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James MacDonald Sues Attorney Who Looked Into His Finances

Sally Wagenmaker

Although former megachurch pastor James MacDonald reached a settlement with Harvest Bible Chapel (HBC) in August, he’s heading back to court. MacDonald, who was fired from the Chicago-area church in February 2019, is now suing HBC and the attorney and accountants it hired to review church finances and MacDonald’s use of them. 

On November 4, MacDonald filed a lawsuit against HBC, attorney Sally Wagenmaker, her Chicago-based firm (Wagenmaker and Oberly), and the Minnesota accounting firm that Wagenmaker hired. The pastor, who founded and served at HBC for 31 years before elders disqualified him from public ministry, claims that defendants intended to harm his reputation as well as his eventual arbitration efforts.

James MacDonald Alleges a ‘smear campaign’

In the lawsuit, MacDonald says HBC, the attorney, and the accountants engaged in a “smear campaign” against him, knowingly publishing false information. He claims they all “agreed that they would seek to delay responding to MacDonald’s arbitration demand until after they published the defamatory information against him, and that they would aggressively pursue counterclaims against him in the arbitration once they had publicly destroyed his reputation.”

The suit alleges defamation, invasion of privacy, and civil conspiracy. MacDonald asserts that Wagenmaker advised HBC elders and helped write the statement about his disqualification in a way that favored the church. He also accuses the attorney of not contacting him while compiling the report and of “intentionally” ignoring documents and people “who had information which was at odds with the defamatory picture of MacDonald which she manufactured.”

The pastor has posted statements about the ongoing controversy at JamesMacDonaldMinistries.org and also released videos of conversations with Ron Duitsman, a former HBC elder who sides with him. In the videos, MacDonald denies financial impropriety, saying, “I went to such great lengths to get approvals” on spending. He and Duitsman also refute letters from church staffers about alleged misdeeds, and they attempt to discredit a vulgar “hot mic” recording that landed MacDonald in hot water—and led him to sue radio host Mancow Muller.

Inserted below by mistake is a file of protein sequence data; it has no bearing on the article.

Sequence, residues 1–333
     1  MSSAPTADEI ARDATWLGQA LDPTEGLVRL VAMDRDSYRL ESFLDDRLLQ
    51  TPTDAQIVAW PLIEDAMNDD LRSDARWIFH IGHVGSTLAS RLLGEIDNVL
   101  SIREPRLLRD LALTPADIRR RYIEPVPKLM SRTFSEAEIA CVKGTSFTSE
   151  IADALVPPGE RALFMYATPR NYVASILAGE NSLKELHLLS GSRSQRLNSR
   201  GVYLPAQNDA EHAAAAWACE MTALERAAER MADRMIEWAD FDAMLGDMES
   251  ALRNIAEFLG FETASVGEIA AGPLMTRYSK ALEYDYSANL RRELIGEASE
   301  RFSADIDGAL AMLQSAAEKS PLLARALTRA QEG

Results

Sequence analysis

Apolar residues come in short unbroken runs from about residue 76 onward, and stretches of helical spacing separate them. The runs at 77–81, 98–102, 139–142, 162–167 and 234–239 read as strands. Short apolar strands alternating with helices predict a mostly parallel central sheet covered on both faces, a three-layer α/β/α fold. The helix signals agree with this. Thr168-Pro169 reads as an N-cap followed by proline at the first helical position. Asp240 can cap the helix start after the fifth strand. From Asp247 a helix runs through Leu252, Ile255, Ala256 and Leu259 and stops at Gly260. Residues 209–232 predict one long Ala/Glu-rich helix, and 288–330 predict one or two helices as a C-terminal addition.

Arbitration Settlement Didn’t Settle Much

In the August settlement, MacDonald received $1.45 million, other deferred compensation, some land, and assets of his “Walk in the Word” ministry. But now the pastor accuses HBC of stealing $6.6 million from that broadcast operation. His new lawsuit also claims that investigations into Vanilla Bean LLC, which an HBC lawyer helped create for MacDonald’s personal finances, invaded his privacy.

MacDonald has a history of suing critics, including Elephant’s Debt bloggers and investigative journalist Julie Roys, who wrote an exposé about MacDonald and HBC in World Magazine.

Today, Roys reports that Muller, the Chicago radio host MacDonald sued, is countersuing because the pastor “soured” the host’s relationship with his radio station. Referring to MacDonald’s recent settlement with HBC, Muller says, “Now I have real damages. And I’m going to go back and…get every dime (MacDonald) got from Harvest.”

Muller says he’ll give any earnings from the countersuit to Harvest, another ministry, or maybe to missionaries. Another goal, he adds, is to make sure the “MacDonald family doesn’t rise again.”

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Stephanie Martin, a freelance journalist, has worked in Christian publishing for 28 years. She’s active at her church in Lakewood, Colorado, where she lives with her husband and two teenage daughters.